From Engineering Design Handbook Ammunition series section 6:
Protective Coatings. Two types of protective coatings are used on steel cartridge cases, zinc, or phenolic varnish. Zinc is prescribed by the Navy and varnish by the Army. The cases are prepared by removing scale, formed during the mouth anneal, as well as shop dirt and any traces of machining oil. The varnish coat is uniformly applied by dipping. After dipping, the coat is air dried prior to baking, in order to avoid thin or bare spots resulting from flow of the varnish on first contact with the heat of the oven. The phenol formaldehyde resin varnish specified for this service bakes by polymerization at a temperature of 400F. The varnish case is tested by pouring 3 liters of Ottawa sand upon the inclined sidewall through a vertical tube, 3 feet long, located 1 inch from the case. The area abraded must not exceed a specified limit. The baking at 400F also serves as a lowtemperature stress relief wich protects against rupture during firing, but does not appreciably lower physical properties. Cases wich are to be zinc plated are stress-relief annealed after the taper but before plating. Before zinc coating, the case is cleaned electrolytically in an alkaline bath. After rinsing, and an acid dip to neutralise all traces of the alkali cleaner, the outside and inside of the case are plated to a thickness of 0.00015 to 0.00020 inch.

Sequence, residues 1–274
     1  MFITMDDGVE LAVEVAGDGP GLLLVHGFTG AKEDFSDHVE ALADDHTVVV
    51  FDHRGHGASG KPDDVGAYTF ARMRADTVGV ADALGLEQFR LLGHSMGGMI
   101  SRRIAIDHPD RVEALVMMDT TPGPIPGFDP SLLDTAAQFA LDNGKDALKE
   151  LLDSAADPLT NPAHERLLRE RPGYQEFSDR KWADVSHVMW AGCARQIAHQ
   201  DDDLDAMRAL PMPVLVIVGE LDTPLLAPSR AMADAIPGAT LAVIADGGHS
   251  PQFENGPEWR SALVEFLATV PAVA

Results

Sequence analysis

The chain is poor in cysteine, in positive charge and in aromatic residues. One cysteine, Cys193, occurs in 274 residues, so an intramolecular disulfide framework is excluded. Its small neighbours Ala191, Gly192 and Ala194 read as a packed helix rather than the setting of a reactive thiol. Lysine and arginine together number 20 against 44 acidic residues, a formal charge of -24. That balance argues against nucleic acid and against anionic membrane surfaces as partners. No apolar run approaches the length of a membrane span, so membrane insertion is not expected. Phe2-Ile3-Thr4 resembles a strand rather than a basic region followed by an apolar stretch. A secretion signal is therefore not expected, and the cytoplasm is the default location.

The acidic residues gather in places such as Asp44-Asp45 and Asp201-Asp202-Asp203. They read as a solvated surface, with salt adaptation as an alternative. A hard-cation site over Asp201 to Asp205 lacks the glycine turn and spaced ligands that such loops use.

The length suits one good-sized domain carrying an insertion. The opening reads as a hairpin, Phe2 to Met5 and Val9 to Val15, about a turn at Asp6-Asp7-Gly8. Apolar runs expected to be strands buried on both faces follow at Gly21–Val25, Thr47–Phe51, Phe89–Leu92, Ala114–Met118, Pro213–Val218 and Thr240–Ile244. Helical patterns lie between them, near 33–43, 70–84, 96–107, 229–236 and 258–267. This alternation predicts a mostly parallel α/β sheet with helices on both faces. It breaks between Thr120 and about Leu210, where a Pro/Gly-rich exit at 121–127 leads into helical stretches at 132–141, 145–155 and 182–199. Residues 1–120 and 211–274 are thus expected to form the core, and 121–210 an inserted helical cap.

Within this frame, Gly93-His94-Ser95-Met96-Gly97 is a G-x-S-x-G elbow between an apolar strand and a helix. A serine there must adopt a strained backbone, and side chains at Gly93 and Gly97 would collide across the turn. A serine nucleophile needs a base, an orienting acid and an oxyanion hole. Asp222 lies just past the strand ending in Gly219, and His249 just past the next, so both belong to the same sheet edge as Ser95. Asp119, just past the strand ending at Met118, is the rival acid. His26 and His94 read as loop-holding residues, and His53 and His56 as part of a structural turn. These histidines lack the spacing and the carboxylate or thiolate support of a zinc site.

I have a 75mm RCL case wich was rusty cleaned and oiled with lijnolie (forgive me I only know the Dutch name) and used a component for drying. It looks nice enough for me.